I read somewhere that more fugitives run to South Florida than anywhere else in the country. Apparently it has something to do with the weather. Since its genesis, people from everywhere have flocked to Miami searching for a new start amidst the ocean and palm trees and sunny skies. It is a land of foreigners. In fact, there is such a fusion of cultures, ethnic backgrounds, and languages that no one, from anywhere, really stands out.
Growing up here, I had no idea how different Miami was from the rest of the world. And I had no idea how different I was.
I learned just how wrong I was a few years ago, while visiting Chicago. And, it wasn’t the absence of Spanish, that surprised me. It was how people reacted to — me. This was my first visit to the Midwest and, everywhere I went, people stared at me.This is not an exaggeration People STARED. And let me tell you, these were not the kind of stares that you enjoy. These weren’t, “Wow, look at her!” stares. To be fair, they didn’t seem like looks of utter fear and disgust either; but, they were STARES.
At first, I thought that I was being paranoid. I tried to ignore it. But when people turn around and look at you, whisper to one another, and then turn and stare some more, it is difficult to ignore.
I became incredibly self-conscious. Obviously it does not help that I’m a woman. Immediately that female disease – insecurity, you know, that disorder that is a result of producing estrogen – rears it’s ugly head. So I wonder, did I spill something on myself? Am I mismatching? Am I wearing something completely unstylish? Is my fly open? I mean, WHAT is it?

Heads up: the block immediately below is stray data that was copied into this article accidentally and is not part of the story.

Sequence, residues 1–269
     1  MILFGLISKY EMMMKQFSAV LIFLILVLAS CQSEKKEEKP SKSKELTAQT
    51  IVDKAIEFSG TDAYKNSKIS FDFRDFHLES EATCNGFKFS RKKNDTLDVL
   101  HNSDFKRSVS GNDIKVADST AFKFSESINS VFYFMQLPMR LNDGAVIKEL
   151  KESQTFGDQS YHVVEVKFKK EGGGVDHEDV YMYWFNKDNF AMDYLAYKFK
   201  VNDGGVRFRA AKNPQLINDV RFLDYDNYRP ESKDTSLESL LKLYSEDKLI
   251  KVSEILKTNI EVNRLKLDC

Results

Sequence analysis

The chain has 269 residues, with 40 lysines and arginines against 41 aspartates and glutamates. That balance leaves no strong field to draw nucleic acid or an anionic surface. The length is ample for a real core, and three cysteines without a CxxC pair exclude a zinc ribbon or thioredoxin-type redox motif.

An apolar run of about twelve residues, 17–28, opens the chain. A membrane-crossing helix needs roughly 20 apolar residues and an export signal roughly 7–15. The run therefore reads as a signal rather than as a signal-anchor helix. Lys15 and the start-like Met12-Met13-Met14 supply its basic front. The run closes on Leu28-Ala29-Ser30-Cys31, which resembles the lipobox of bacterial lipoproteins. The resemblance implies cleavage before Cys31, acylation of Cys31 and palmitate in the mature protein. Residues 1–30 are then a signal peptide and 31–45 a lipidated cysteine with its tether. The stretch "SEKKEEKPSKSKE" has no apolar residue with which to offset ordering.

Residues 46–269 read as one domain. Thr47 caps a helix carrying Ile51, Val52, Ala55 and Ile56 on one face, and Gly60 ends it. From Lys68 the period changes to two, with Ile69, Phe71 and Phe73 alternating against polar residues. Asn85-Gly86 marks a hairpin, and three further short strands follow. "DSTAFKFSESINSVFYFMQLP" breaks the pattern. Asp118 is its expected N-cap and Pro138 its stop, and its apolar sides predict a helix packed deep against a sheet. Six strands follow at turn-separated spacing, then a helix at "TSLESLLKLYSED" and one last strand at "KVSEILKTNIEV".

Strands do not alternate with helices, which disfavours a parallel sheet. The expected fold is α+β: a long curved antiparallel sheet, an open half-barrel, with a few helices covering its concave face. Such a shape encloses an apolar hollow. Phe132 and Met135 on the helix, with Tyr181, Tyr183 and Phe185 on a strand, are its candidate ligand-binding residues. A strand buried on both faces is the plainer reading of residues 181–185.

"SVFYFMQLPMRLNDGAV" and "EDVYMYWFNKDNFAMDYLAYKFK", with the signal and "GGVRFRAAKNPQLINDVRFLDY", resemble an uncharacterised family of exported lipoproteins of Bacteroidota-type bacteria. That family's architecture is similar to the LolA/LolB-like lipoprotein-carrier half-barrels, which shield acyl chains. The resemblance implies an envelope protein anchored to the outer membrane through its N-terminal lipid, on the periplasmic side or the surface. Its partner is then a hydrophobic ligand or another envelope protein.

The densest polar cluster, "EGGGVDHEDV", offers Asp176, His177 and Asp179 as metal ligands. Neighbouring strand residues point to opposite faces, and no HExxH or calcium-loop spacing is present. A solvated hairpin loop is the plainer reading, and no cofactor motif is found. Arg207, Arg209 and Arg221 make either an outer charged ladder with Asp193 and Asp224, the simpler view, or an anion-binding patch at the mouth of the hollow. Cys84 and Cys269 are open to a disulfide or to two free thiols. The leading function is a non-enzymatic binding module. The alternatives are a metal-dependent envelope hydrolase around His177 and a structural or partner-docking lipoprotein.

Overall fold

I told myself that it was just my imagination. People weren’t staring; I was just being too sensitive.
Then one night, I’d had enough. At the theater, a lady sitting in the row in front of us saw me, said something to the man that she was with and they both turned to look. This was definitely not my imagination. So I finally ask my husband, I try to phrase this question just right because I have also been guilty of that aforementioned female disease — asking “does this make me look fat” perhaps 100 times too many – if he’d noticed that people had looked at me funny.
“Oh yeah,” he replied without hesitation. “They’ve looked at you since we got here. I didn’t say anything because I didn’t want to make you self conscious.” Gee, thanks. “You probably just look different to them. They can’t tell where you’re from.”
I look different? Really? I’d never thought that I looked “different.” Then it hit me. I’m in the Midwest. I look different than most of the people there. Chicago has a large Hispanic population. But, few of them live downtown. Like many major cities, it is expensive to live in the urban core, where restaurants, theaters, department stores and companies abound. And, like throughout the country, there is a wealth gap between minorities and White Americans.
So, on Chicago’s Miraculous Mile, there very well may be few Hispanics. And although the Hispanic population continues to soar throughout the country, many Americans — particularly Midwestern tourists from Indiana and Wisconsin — imagine that we all look the same. And, apparently, I don’t fit that image.
It all made sense. I didn’t have mucus hanging from my nose, I hadn’t sprouted a pimple the size of Mount Everest, and I wasn’t wearing two different styles of shoes. People in downtown Chicago had just never seen someone who looked like me.
There is a lesson in this.
There is certainly something to learn here about diversity, race and ethnicity. There is, I’m sure, a lot to discuss about social stratification, or about the struggles foreignness and belonging.
But, right now, I guess I’m just glad that I’m home with all the other exotic looking exiles, immigrants and wanderers. Even if there are fugitives among us.